The journey’s not over. The work hasn’t ended. Democracy’s dream must be constantly tended.
Democracy is a year round topic! Equality’s Call can be used in many ways in the classroom, at any grade level. The following are some free resources for classroom and home use:
- Free VIRTUAL AUTHOR VISITS – I’m doing free Equality’s Call virtual author visits to schools. For further details and scheduling information, see my Events page.
- STATE-SPECIFIC CURRICULUM CONNECTIONS – I’m developing state-specific handouts that show how Equality’s Call connects to social studies curriculum. There are currently 10 states and the District of Columbia done; I’ll be adding to the list throughout the year.
- CURRICULUM GUIDE — A free Equality’s Call curriculum guide created by my publisher, Simon & Schuster/Beach Lane Books.
- GERRYMANDERING EXPLAINED – a video to help students understand gerrymandering – available on YouTube, Facebook, and on my blog
- HANDOUTS and WORKSHEETS – free educational activity sheets
- How will you answer equality’s call? [preK and early-elementary]
- Who’s your voting rights hero? [preK and early-elementary]
- The Voting Process [elementary to HS]
- In-Person Voting [elementary to HS]
- Voting Barriers and Solutions [elementary to HS]
- Compare voting in your state to voting in other states [upper elementary to HS] – also available in Word
- Interview an elections official to learn about voting in your state and community [upper-elementary to HS] – also available in Word
- CLASSROOM POSTER – Free classroom poster about voting – click link to view or to download and print.
- GAME – Voting Rights “Chutes and Ladders” style game (appropriate for all ages, and could be a fun activity for some older Reading Buddies to do with a younger class after reading the book together
- BOOKMARKS – free Equality’s Call bookmarks for your students – while supplies last, I’m happy to send you a set of bookmarks. See my Contact page for more info.
- LESSON PLANS – The lesson plans were written by early childhood educator Karen Keesling. Each lesson plan includes virtual learning adaptations.
- THIS DAY IN VOTING RIGHTS HISTORY blog entries – an ongoing project over on my Equality’s Call blog. Note: I haven’t updated this in a while due to time restraints. My intention is to return to regular updates beginning in November 2021 and then continuing regularly.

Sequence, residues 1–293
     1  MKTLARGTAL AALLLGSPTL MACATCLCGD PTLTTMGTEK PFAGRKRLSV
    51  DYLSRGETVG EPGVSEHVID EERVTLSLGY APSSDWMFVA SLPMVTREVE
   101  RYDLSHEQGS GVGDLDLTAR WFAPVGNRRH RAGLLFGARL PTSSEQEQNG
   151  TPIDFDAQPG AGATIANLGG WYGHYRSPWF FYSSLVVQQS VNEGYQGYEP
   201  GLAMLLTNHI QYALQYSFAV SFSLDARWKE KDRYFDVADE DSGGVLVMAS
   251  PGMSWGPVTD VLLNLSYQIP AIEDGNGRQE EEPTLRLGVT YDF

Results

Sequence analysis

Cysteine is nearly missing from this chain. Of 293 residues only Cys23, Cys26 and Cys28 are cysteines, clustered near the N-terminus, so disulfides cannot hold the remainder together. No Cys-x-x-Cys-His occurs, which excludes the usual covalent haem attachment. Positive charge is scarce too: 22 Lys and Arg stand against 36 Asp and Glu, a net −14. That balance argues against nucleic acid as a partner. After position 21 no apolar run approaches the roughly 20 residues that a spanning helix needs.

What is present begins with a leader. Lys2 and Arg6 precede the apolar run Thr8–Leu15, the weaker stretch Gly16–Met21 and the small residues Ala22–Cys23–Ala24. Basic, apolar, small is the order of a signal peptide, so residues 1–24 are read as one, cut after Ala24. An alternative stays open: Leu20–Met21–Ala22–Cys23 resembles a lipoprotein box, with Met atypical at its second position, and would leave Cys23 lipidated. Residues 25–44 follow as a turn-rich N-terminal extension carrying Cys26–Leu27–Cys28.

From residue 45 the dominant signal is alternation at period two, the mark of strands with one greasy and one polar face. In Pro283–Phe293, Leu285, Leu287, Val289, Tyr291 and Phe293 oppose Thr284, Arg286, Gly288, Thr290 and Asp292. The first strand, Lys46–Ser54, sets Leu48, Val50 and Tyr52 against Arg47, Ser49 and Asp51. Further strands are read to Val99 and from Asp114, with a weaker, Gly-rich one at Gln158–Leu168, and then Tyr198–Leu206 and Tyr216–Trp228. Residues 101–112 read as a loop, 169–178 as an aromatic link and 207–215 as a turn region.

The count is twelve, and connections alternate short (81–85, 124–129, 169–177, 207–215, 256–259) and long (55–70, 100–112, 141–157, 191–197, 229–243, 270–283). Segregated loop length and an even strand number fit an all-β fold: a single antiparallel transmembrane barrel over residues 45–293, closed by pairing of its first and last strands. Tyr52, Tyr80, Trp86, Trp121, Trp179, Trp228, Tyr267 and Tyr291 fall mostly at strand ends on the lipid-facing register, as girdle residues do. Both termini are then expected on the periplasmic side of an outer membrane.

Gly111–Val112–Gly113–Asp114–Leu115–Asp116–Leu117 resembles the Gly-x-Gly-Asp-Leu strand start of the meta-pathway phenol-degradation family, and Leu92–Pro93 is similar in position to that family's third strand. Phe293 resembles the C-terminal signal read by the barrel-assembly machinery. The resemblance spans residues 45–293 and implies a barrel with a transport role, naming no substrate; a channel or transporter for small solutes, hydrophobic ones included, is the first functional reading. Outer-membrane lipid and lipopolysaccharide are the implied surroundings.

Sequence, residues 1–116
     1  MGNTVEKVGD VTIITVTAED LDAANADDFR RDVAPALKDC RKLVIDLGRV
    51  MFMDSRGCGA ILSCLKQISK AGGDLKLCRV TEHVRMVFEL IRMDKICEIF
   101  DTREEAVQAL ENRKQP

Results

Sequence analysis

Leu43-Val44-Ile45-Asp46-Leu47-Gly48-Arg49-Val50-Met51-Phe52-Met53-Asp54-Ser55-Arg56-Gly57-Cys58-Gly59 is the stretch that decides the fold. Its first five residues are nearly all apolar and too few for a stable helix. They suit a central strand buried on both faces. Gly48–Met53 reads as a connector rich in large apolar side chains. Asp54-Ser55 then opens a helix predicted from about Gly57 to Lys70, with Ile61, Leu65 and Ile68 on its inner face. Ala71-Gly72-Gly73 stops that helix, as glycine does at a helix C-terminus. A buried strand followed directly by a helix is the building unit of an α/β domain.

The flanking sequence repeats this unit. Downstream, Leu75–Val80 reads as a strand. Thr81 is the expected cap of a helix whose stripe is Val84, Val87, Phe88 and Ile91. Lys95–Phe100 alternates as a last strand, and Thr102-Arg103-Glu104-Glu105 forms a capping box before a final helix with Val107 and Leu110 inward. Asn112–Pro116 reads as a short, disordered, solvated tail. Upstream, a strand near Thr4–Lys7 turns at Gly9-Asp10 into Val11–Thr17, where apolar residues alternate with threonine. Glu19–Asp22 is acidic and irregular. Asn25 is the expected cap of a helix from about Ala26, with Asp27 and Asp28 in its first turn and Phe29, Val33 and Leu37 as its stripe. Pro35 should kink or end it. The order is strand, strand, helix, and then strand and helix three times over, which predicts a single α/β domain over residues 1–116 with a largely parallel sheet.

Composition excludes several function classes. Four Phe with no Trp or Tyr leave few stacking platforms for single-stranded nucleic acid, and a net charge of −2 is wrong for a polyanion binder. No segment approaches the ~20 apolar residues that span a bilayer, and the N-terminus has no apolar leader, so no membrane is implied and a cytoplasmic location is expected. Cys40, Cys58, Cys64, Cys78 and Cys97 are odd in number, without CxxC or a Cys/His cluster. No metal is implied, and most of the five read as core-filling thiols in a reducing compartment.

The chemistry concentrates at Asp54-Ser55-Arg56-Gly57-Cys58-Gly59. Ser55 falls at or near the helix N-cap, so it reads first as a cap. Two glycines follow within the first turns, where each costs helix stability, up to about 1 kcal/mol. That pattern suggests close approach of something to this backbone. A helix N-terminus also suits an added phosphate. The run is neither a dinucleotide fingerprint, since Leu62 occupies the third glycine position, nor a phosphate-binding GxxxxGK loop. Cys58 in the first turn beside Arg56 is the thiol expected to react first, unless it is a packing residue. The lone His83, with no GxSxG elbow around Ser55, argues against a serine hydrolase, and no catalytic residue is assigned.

You’re never too young to help strengthen our democracy! Make sure the adults you know are registered to vote, and ask to go to the polls with them when they vote. Learn more about voting, and then use your voice to speak up for voting rights.
Learn about voting rights, and then share what you know at school and in groups you’re involved with. Help the adults in your life better understand voting rights and the barriers that exist to voter participation. Read stories to younger kids using Equality’s Call or other picture books about voting rights. Use your voice to advocate policy changes to politicians.
LIBRARIANS and BOOKSELLERS:
An Equality’s Call story time pairs nicely with a voter registration drive at your library or bookstore! For a limited time, I have some Equality’s Call bookmarks for story times – contact me if you’d like some.
Teach your kids about voting rights past and present, and learn more as you explore the topic together. And get involved! When kids see grown-ups speaking up about voting rights, it helps prepare them to be informed and active citizens. You are your child’s first civics teacher.
POLITICIANS & PUBLIC FIGURES:
Be a voting rights ambassador and educator by holding a voting rights story time at a local school or library using Equality’s Call and/or other books about voting rights. You are a hero to the kids in your community, so use that recognition factor to educate and inspire them! If you’re not sure how to go about holding a story time, email me for ideas, or just stop by your local library and talk to one of the children’s librarians. For a limited time, I have some Equality’s Call bookmarks — contact me if you’d like some to give out during your story time.
I welcome your suggestions and input about this page. Thank you for standing up for our right to vote!